And, for 2022, the CB500X features a louder and more satisfying exhaust rumble compared to the muted burble of previous models, giving other motorists an earlier warning of your presence.

As an off-roader

I fondly remember cruising the dirt trails of the Bardenas Reales Nature Reserve in Spain on my old CB500X. The vast semi-desert is an adventure biker’s paradise, just a day’s ride from the Pyrenees.

And while the bike was never designed as a hardcore off-roader, it navigated those sweeping gravel trails easily enough as long as I kept the pace down. And if I’d been on the 2022 machine, it would have coped even better.

The new model’s updated suspension soaks up the lumps and bumps of more rugged terrain better than previous incarnations, and the 19” front wheel rolls over rocks more freely than the 17” rim found on the original CB500X.

But even with the new updates, the Honda still falls into the ‘soft roader’ camp, with its cast wheels and rather cramped standing position. In reality, it is predominantly a road bike that will tackle lighter trails just fine, and it’ll navigate trickier terrain as long as you take things slowly.

handles light trails with ease
The CB500X will handle light trails with ease, although the standing position is cramped

As a weekend tourer

The CB500X isn’t going to offer the practicality or thrills of the likes of a BMW R 1250 GS or an Africa Twin during a weekend adventure, but if it’s a smaller bike you’re looking for, you’re in for a treat.

The CB500X will whisk you and your luggage along motorways on a Friday evening while feeling planted and stable as you travel, the updated suspension offering a smooth and comfortable ride. The 471cc parallel-twin engine has enough grunt in reserve for fast lane overtakes, although plan ahead as you’ll experience a steady gain in momentum rather than a thump of power at higher speeds.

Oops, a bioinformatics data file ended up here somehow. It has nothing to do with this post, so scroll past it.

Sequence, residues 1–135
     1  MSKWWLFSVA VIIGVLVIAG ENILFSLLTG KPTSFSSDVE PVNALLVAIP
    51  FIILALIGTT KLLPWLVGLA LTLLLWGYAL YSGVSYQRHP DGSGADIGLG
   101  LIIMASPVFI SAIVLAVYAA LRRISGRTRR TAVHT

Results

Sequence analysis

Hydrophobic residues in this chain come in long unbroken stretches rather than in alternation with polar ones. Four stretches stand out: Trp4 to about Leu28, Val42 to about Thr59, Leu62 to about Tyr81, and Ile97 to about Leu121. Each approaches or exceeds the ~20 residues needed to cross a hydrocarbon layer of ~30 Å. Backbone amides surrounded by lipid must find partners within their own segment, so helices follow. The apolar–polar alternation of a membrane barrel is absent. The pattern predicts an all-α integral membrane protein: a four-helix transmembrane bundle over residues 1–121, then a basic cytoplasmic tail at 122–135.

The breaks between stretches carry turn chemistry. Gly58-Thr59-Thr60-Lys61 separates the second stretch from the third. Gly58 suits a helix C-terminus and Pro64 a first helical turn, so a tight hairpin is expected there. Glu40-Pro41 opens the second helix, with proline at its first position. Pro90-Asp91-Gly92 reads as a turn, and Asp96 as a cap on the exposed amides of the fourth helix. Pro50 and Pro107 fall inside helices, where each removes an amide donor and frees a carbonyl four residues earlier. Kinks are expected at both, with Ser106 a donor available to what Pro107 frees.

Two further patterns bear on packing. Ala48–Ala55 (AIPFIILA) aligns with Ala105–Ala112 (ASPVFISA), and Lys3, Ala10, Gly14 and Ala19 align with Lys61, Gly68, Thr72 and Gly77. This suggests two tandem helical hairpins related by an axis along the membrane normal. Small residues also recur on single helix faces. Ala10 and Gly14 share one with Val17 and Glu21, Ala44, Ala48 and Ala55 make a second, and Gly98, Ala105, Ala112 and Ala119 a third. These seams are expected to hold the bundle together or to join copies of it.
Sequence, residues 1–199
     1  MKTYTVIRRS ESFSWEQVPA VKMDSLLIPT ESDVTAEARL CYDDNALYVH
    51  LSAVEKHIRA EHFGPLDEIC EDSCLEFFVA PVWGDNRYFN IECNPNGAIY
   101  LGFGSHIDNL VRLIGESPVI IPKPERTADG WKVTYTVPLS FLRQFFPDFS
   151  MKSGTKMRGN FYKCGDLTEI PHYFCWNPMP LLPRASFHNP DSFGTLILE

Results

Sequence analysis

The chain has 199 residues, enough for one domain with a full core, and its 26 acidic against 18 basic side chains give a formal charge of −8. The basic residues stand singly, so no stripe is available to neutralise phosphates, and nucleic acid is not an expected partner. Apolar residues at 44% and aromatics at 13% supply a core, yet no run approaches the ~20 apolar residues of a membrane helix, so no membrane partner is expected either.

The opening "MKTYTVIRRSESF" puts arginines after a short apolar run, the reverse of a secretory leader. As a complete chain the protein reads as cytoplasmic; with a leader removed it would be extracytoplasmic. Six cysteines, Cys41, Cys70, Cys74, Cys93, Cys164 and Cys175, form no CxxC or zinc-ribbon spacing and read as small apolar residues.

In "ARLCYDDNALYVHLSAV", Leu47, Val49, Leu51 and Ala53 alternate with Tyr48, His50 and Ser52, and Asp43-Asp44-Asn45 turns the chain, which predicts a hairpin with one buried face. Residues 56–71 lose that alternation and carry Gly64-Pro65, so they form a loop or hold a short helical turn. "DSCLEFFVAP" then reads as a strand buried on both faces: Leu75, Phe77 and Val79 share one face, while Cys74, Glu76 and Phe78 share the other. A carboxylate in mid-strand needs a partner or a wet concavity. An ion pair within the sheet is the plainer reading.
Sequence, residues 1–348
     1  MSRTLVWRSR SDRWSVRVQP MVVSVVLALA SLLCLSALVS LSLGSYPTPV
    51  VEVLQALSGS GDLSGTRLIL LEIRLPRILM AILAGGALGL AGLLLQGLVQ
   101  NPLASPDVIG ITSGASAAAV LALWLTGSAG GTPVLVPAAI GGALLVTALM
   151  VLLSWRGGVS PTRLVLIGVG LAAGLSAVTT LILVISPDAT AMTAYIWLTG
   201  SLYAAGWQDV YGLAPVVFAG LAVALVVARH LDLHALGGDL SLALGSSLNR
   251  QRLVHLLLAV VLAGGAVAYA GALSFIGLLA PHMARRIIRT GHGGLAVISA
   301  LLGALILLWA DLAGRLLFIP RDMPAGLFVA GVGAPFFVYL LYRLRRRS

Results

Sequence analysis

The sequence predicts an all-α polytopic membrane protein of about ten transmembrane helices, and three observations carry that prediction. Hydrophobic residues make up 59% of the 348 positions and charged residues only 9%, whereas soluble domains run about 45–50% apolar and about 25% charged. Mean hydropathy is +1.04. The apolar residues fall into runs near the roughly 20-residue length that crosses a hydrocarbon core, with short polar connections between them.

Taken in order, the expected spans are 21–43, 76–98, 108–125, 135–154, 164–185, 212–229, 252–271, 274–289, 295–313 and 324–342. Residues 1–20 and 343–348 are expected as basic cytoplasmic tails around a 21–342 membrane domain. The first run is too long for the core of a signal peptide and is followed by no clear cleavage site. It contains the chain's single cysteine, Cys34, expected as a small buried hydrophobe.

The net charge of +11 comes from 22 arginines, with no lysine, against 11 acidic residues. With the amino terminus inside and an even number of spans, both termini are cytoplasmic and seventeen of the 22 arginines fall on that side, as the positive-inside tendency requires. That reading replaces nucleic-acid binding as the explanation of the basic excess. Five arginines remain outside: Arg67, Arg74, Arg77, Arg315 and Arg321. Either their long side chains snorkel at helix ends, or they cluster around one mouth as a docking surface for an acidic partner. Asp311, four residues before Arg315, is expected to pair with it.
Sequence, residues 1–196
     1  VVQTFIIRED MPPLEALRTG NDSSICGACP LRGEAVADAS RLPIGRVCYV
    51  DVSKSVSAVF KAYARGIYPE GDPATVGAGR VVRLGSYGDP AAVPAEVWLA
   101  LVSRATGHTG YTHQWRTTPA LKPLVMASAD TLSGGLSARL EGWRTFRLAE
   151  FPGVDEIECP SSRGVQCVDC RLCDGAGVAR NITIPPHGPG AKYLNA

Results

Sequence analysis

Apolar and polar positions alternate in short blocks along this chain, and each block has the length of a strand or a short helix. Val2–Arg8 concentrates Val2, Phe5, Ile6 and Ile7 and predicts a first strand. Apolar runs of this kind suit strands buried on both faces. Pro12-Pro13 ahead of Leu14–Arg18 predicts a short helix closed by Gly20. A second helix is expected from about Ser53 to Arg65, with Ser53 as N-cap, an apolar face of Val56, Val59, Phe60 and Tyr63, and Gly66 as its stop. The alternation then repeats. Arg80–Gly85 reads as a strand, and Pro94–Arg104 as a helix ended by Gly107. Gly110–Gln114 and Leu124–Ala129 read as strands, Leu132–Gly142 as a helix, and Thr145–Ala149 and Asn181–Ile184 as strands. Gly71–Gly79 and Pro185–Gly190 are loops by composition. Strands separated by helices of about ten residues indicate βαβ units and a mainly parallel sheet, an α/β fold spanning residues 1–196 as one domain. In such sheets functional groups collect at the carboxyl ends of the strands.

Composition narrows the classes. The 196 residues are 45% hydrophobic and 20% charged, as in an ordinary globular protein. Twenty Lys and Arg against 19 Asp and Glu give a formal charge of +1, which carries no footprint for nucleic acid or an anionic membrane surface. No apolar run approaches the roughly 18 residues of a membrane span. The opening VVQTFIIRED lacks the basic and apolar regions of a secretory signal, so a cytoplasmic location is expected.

But it’s when you reach your destination, be it the mountain passes of Mid Wales or the country lanes of the Cotswolds, that the CB500X comes to life. The handling is lively yet predictable and overall the bike feels liberatingly light and agile to throw around. And while there’s enough power available to burst between corners, it never feels unwieldly.

In fact, there is something thoroughly enjoyable about riding a small bike to its full potential, and the CB500X is a willing accomplice. Sure, there aren’t any electronic rider aids other than ABS, and the LCD screen looks dated (although the information is clear to read), but this is forgivable on a bike that is this much fun to ride and costs just £6,349.

As a continental road tourer

If like me, your continental road touring involves spending multiple days at motorway speeds as you make your way across Europe, then the long-distance comfort credentials of a motorcycle will be a priority. This is especially true when you add a full set of luggage and a pillion passenger to the mix.

So, setting aside the CB500X’s rather modest power delivery for a moment, it has a lot going for it. For a bike of this size, the riding position is upright, comfortable, and while there isn’t oodles of room to relax in, it certainly doesn’t feel cramped. The adjustable screen (tools needed) offers a good amount of weather protection, and the 17.7l fuel tank will take you between 250 and 300 miles between fill-ups depending on how greedy you are with the throttle.